7. I’m from Minnesota and we don’t seem to use “over to” in the same ways. We’d say, “I went over to her house to pick up the keys” or “She’s on the way over to the store” — but never “He works over to the bar down the road” —

    I think the way we use “over to” cover the importance is the movement — not the destination. So, “I was over to her house” sounds odd.

  8. We said “over to” in St. Louis. I think we used it to indicate continuity of narrative, sort of as a form of present progressive. “I’m going to do this, then I’m going to go over to wherever, then I’m doing the next thing.” But it always indicated action, never location, and “he works over to the Hall of Fame” sounds completely incorrect to me.

  9. It’s a bit more of a Western Illinois/ Wisconsin/Minnesota/Iowa thing, I think. In Northeastern Indiana we’ll say ” I’m gonna go over to Susie’s” but never “Kathy’s over to Susie’s right now.”

    When we hear “over to” in the way you use it, for us it pegs someone as from that area.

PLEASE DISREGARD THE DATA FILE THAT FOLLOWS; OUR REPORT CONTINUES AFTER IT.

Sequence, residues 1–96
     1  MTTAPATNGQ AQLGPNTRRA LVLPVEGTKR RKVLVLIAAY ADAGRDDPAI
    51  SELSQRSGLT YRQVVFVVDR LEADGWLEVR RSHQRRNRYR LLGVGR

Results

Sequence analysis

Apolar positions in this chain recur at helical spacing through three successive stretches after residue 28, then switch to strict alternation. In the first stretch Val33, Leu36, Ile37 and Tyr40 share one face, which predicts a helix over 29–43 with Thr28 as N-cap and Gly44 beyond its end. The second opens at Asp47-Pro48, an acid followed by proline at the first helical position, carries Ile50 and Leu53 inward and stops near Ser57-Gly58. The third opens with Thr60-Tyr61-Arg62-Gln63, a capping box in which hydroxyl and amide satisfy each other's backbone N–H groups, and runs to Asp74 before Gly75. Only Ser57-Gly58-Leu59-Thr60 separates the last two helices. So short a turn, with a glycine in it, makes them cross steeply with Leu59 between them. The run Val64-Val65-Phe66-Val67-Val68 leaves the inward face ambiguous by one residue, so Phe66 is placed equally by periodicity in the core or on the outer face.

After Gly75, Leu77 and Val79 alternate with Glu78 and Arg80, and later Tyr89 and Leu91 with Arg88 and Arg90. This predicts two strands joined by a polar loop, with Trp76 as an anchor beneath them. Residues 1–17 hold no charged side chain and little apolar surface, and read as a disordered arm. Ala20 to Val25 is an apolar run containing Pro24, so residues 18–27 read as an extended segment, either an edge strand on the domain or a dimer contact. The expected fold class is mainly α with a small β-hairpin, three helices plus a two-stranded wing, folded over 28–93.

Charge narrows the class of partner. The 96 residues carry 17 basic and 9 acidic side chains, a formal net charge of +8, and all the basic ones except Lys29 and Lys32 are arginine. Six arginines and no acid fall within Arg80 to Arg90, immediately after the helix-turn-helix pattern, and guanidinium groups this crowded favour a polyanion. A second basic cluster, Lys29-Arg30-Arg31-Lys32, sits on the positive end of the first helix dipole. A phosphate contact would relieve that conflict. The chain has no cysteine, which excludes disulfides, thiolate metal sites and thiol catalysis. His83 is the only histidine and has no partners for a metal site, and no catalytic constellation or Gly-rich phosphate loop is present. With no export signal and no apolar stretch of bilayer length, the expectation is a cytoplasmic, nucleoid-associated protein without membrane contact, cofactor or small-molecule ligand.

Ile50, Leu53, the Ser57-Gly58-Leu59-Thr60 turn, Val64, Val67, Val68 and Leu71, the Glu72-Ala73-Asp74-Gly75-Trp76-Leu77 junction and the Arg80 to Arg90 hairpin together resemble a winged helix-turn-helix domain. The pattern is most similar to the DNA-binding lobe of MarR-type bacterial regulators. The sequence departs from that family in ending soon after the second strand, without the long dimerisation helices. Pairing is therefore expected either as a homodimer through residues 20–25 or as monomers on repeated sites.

Not that we don’t have our own dialectical idiosyncracies by the bucketsfull.

    I will say, though, since Beth brought it up, that one of the few verbal idiosyncracies I actually mind to the point of wanting to murder are the people who talk about ‘cutting ON the power.’

    “We had to pay our late bill to get our power cut back on” is one of the phrases that makes me jump out of my skin. Cut is a verb that means “to seperate” or “to end”. Using that verb to describe the beginning of a process is not idiosyncracy as much as it is plain fucking wrong.

    And don’t get me started on the redundancy of “hamburger meat.”

  10. I imagine this is what a New Yorker feels when told to “cut off the light”

    Since moving to Tennessee, I’ve acquired “take [it] loose,” i.e. “The phone was connected to the jack, so I had to take it loose before I could move it.” “Be sure you take the Christmas lights loose before you go to bed.”

    Also, I’ve heard “of a(n)” quite a lot locally, when referring to something done with regularity, i.e. “I go to church of a Sunday morning.” “I get home of an evening around 5:30.” Seems endemic among West Kentuckians.